REM have progressed from underground sensations in 1983 to megastardom in 2005. After last February’s ill-fated gig, the band returned to Sheffield as part of their Summer tour. We were there, to see if it would be third time lucky for the boys from Athens, GA…
The good people of Sheffield could be forgiven for thinking that they’ve been rather cursed when it comes to REM.
In 1992, their show at the Arena was cancelled when Bill Berry suffered his brain anuryseum. Then, back in February, the Arena gig had to be cancelled at the last minute due to Mike Mills succumbing to an ear infection. Punters turned up tonight half-expecting to see odds displayed on the chances of Michael Stipe’s arm accidently falling off during a bizarre gardening accident.
Yet, as the expression goes, third time lucky. Tonight’s gig passed off without a hitch thankfully, and there was even the added bonus of local hero Richard Hawley as a support act.
As a former member of both Pulp and The Longpigs, Hawley has had more than a hand in Sheffield’s musical history, and his solo career, while hardly reaching the commercial heights of Jarvis Cocker and company, has produced three wonderfully languid albums. It could be argued that his songs are not exactly well suited to such a cavernous arena, in fact they’d sound more at home in the midnight hours in a smokey bar, but Hawley’s voice sounds good anywhere. A deep, warm mix of Roy Orbison and Scott Walker, it’s possible to just listen to him and forget about the worries of the world.
Ballads such as Something Is… and Baby You’re My Light were swooning masterpieces and he even debuted a few new songs, such as The Ocean, which indicated that his next album could well be his finest moment. The only downside was an idiotic shout from the safety of the darkness to “get off”. A shame, as Hawley deserves to be treated with more respect by his hometown crowd.
No such catcalls for REM, thankfully. As the lights went down, there was a massive roar of anticipation which exploded as the band walked on stage. Mike Mills looked a picture of health, while Peter Buck looks positively slimline these days. As per usual with REM though, all eyes were on Michael Stipe.
Simply put, Stipe is one of the best frontmen of the modern era. Sauntering onto stage and throwing his cap into the audience, he’s possibly the only man on earth who can paint a blue stripe across his face and make it look cool. Bouncing across the stage doing his strange little epiletic Elvis dance, he was completely magnetic throughout. Opening track I Took Your Name was a odd choice to start the show, given that it was taken from the band’s less celebrated Monster album, but it worked just fine.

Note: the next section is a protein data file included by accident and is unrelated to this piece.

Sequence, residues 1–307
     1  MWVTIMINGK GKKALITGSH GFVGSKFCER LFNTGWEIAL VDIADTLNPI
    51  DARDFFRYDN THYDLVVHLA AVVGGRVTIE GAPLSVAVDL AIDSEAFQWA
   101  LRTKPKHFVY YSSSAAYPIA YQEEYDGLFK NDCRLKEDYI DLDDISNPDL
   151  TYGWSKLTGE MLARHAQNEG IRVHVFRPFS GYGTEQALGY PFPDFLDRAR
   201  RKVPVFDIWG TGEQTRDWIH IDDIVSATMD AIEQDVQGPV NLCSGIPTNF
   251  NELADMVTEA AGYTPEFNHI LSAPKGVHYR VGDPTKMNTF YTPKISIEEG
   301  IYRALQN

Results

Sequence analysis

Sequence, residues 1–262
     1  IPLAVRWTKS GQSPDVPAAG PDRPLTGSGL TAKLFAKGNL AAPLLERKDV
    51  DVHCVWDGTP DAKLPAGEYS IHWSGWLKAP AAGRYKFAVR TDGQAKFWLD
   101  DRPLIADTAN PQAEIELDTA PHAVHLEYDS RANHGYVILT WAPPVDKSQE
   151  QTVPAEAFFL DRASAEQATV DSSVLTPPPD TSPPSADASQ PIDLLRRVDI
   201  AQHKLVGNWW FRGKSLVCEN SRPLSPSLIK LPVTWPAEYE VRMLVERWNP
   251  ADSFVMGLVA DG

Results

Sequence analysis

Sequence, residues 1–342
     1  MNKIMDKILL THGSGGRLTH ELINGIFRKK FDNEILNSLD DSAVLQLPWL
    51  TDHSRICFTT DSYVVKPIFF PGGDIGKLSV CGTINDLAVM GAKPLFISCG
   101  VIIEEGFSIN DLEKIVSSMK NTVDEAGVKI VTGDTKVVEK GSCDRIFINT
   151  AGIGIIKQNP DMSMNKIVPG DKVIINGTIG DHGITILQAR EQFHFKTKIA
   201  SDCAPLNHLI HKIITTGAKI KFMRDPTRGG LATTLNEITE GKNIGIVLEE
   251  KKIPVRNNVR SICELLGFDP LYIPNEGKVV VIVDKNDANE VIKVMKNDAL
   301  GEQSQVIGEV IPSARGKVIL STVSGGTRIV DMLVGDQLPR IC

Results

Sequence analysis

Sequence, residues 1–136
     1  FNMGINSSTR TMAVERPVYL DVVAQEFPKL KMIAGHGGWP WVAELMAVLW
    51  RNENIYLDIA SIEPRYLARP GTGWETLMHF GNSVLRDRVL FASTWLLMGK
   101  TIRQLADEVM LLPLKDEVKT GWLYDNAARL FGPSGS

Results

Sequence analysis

The set list was a great mix of classics, such as The One I Love and Losing My Religion, rarely performed tracks like Me In Honey, and new songs from Around The Sun. The latter worked particularly well, with many songs such as Electron Blue and The Outsiders sounding better live than on record (Stipe even performed Q-Tip‘s rather ill-advised rap from The Outsiders and got away with it). Perhaps the highlight of the new material was Final Straw, with the song’s powerful anti-war lyrics scrolling across the big screen as Stipe sang.
The band’s most commercially and critically adored period, the Automatic For The People era, was also well covered. The band could be forgiven for finding Everybody Hurts a millstone around their neck by now, but tonight’s performance was spine-tingling – even if some audience members lapsed into the old stadium rock clich and produced lighters in the air. Another touching moment was Leaving New York, with Stipe dedicating the song to his “second home, the place in my heart”.
Mills took centre stage for the very welcome rendition of (Don’t Go Back To) Rockville, which he dedicated to the staff of the Sheffield hospital who looked after him earlier this year. There was also a rare outing for Murmer’s Perfect Circle, sounding as beautiful as it first did 22 years ago.
There was even room for a new song in the encore in the shape of I’m Gonna DJ, which proved that rumours of the band’s demise are much exagerrated. A fun rocker, it includes the soon to be classic lyric “Death is pretty final/I’m collecting vinyl/I’m gonna DJ at the end of the world”. Man In The Moon provided the perfect ending, being bellowed along to by the 12,000 fans packed into the Arena.
They may not be the hip young things they once were, but even their place at the top of rock’s establishment can’t disguise the fact that REM can still rock like no other band can.